Bowers also quotes a warning by Howard Spindel, a specialist in the overdate.

"Beware of 1882 Shield nickels with a filled in blobby 2, as these are very frequently offered as 1883/2. This is possibly the single most misunderstood coin in all U.S. coinage. The 1883 logotype is wider than the 1882 logotype, and the blobby 2 coins are of the narrower logotype."

If you decide to try to put together a date set of Shield nickels, you may want to include the 1877 and 1878, which were minted only in proof versions. The number minted of the 1877 is the subject of some speculation, as the U.S. Coin Digest gives a mintage of approximately 900, whereas Bowers suggests that the actual number may be 1,250 to 1,500. He further estimates that the number of surviving pieces is between 1,000 and 1,150.

Curiously, U.S. Coin Digest assigns values to the 1877 in grades G-4 through About Uncirculated-50 plus Proof-65. I say "curiously," because Bowers' number for the total certified population as of early 2006 is 711, with just eight coins receiving grades below Proof-60.

In other words, the bulk of the population certified by the big three services have grades between Proof-60 and Proof-65. At any rate, the values given in U.S. Coin Digest range between $1,500 and $4,300. Again, imagine what these values would be if this were part of a more popular series.

Both sources of information agree on the mintage of the 1878 Shield nickel at 2,350 pieces. Bowers estimates that 1,750 to 1,950 of these are still in existence. As with the 1877, U.S. Coin Digest lists values in grades G-4 through AU-50 and Proof-65, with a range from $800 to $2,150. The certified population figures given in Bowers' Guide Book show a similar situation to that seen with the 1877: a small number grading less than Proof-60, with most having grades below Proof-60 and Proof-65.

Another way to collect Shield nickels is as proofs, as all of the dates are available as such. In most cases, the dates in Proof-65 are not prohibitively expensive, with a range from $660 (1881-1883) to $4,300 (1877). The one exception is the 1867 "with rays" proof, which had an estimated mintage of just 55 to 80 pieces, according to Bowers. U.S. Coin Digest assigns it a value of $75,000 in Proof-65, and Bowers estimates that 40-45 have survived.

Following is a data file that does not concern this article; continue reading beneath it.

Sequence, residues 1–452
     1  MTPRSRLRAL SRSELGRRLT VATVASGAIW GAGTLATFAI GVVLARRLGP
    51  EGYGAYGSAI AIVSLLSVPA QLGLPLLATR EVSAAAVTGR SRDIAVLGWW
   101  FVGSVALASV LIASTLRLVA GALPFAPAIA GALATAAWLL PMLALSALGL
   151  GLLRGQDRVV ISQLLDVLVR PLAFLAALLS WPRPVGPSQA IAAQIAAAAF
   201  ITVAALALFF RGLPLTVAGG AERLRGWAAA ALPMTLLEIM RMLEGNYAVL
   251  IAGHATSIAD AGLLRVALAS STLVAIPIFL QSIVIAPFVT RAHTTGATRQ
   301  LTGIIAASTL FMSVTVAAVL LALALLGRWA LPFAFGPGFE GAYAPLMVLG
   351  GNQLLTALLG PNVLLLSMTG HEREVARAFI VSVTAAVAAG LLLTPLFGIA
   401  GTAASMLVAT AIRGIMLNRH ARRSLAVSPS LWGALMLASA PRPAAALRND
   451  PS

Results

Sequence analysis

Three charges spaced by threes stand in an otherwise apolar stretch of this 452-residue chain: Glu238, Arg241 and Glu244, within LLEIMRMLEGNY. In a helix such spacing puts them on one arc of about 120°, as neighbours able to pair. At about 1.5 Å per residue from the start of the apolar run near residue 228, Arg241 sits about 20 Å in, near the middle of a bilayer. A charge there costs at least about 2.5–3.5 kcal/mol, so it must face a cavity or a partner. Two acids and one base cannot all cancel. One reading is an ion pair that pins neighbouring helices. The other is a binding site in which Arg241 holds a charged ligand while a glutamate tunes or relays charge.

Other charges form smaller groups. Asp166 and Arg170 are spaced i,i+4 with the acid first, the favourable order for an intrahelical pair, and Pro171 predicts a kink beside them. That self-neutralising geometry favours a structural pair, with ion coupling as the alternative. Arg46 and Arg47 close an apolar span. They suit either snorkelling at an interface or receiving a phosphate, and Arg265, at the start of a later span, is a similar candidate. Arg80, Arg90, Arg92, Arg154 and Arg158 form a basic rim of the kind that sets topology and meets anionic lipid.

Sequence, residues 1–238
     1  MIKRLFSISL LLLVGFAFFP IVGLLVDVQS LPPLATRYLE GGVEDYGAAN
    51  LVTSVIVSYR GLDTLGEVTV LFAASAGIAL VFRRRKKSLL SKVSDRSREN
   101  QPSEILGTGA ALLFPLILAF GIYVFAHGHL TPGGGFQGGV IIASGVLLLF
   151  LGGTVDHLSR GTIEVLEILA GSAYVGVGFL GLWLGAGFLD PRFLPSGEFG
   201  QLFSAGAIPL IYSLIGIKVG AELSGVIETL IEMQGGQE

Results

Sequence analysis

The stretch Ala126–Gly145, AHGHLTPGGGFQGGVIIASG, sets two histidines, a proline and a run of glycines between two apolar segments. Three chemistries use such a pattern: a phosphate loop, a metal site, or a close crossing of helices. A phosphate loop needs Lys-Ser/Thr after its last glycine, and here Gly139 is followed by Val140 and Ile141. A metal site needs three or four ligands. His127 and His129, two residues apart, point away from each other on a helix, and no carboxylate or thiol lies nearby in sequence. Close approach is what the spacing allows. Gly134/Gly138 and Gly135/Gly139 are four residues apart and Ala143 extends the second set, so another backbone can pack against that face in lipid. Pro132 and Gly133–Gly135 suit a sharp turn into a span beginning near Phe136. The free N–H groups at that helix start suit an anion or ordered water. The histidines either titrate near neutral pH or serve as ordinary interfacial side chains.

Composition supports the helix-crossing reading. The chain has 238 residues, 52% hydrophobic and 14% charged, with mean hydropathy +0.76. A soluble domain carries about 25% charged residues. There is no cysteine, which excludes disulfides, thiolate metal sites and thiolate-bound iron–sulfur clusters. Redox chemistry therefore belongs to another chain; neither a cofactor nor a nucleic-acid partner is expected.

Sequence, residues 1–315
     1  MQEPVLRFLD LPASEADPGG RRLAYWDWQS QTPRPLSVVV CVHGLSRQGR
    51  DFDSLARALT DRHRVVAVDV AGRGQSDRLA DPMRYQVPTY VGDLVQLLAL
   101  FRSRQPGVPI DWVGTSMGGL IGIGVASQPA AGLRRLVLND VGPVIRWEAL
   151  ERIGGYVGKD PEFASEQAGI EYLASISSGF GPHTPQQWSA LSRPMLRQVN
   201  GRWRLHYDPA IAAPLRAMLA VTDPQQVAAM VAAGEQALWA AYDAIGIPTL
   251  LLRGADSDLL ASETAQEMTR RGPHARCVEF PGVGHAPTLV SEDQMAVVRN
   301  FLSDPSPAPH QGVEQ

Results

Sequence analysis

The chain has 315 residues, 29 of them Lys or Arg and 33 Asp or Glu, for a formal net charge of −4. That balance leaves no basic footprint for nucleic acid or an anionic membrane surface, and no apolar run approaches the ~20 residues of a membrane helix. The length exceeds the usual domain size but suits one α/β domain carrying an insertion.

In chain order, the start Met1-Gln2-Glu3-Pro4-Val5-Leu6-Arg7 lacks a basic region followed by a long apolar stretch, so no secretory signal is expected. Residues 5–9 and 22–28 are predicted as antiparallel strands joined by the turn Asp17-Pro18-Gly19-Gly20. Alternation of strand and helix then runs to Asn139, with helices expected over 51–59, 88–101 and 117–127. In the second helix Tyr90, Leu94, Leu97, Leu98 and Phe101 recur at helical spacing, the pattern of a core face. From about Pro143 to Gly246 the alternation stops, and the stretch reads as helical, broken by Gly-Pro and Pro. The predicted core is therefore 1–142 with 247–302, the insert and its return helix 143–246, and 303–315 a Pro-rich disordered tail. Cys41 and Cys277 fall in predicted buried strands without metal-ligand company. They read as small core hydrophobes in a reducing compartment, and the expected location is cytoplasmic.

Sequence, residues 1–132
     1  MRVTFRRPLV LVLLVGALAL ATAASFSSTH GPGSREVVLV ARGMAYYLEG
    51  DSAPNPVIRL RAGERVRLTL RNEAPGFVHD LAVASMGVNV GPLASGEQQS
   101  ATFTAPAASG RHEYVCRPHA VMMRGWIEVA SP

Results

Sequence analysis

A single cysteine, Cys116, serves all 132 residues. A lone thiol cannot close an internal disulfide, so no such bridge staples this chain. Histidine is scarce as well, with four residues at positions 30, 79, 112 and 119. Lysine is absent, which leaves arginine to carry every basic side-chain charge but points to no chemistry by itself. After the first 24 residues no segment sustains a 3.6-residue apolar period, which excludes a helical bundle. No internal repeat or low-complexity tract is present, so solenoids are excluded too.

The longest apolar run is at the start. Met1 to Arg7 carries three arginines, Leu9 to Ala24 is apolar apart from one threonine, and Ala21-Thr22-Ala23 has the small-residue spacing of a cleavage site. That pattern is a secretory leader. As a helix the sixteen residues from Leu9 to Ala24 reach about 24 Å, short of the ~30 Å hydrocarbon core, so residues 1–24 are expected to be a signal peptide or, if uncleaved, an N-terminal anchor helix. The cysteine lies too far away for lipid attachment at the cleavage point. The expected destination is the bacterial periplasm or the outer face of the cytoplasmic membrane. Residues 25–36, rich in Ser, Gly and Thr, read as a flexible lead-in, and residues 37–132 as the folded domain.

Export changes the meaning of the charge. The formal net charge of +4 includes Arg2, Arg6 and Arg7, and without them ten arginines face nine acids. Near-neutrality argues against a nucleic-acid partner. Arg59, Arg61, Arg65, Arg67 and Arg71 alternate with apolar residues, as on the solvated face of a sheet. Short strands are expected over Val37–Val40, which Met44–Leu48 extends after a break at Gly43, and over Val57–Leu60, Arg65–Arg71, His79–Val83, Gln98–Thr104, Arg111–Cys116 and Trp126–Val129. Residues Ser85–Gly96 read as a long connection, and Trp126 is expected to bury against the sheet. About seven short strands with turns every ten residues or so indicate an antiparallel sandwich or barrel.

Yet another interesting way to collect Shield nickels is by varieties such as repunched dates, overdates, and doubled dies. In The Cherrypickers' Guide to Rare Die Varieties (4th edition), Fivaz and Stanton write, "there are literally hundreds of listed varieties in the Shield Nickel series, and no doubt even more will appear in future reference works." According to them, the reason for such a large number of varieties is that the coin became popular quickly, which required the minting of large quantities. Many new dies were necessary to produce the numbers of nickels required plus the hardness of the 25% nickel/75% copper alloy caused dies to deteriorate more rapidly than normal. When you put all this together, it's no wonder that "quality control suffered."

A Guide Book of United States Coins lists only six varieties: 1866 repunched date; 1873, closed 3; 1873, open 3; 1873, large over small 3; 1879, 9 over 8; and 1883, 3 over 2. By contrast, The Cherrypickers' Guide devotes more than 60 pages to Shield nickel varieties! Many of the repunched dates are quite striking, with clear separation of the dates.

According to the values given for many of the varieties in The Cherrypickers' Guide, if you find any of them, you probably won't have to pay much more for the coin than the normal version would cost. It's pretty obvious that collecting Shield nickels by die varieties might be the collecting venture of a lifetime.

To aid you in the quest for die varieties, Fivaz and Stanton recommend Ed Fletcher's The Shield Five Cent Series. I looked online and found some copies at Amazon.com and also at the publisher's site (www.stantonbooks.com). Bowers' Guide Book, available from www.whitmanbooks.com and other online booksellers, also pictures and describes many Shield nickel varieties.

As I hope you've seen from this article, when you're satisfied with your accomplishments in collecting the most popular nickel series, it might be worthwhile to take a look at the first nickel series - Shield nickels. Considering their scarcity, these really old and historic nickels are remarkably inexpensive. If you decide to give them a try, I think you won't regret it.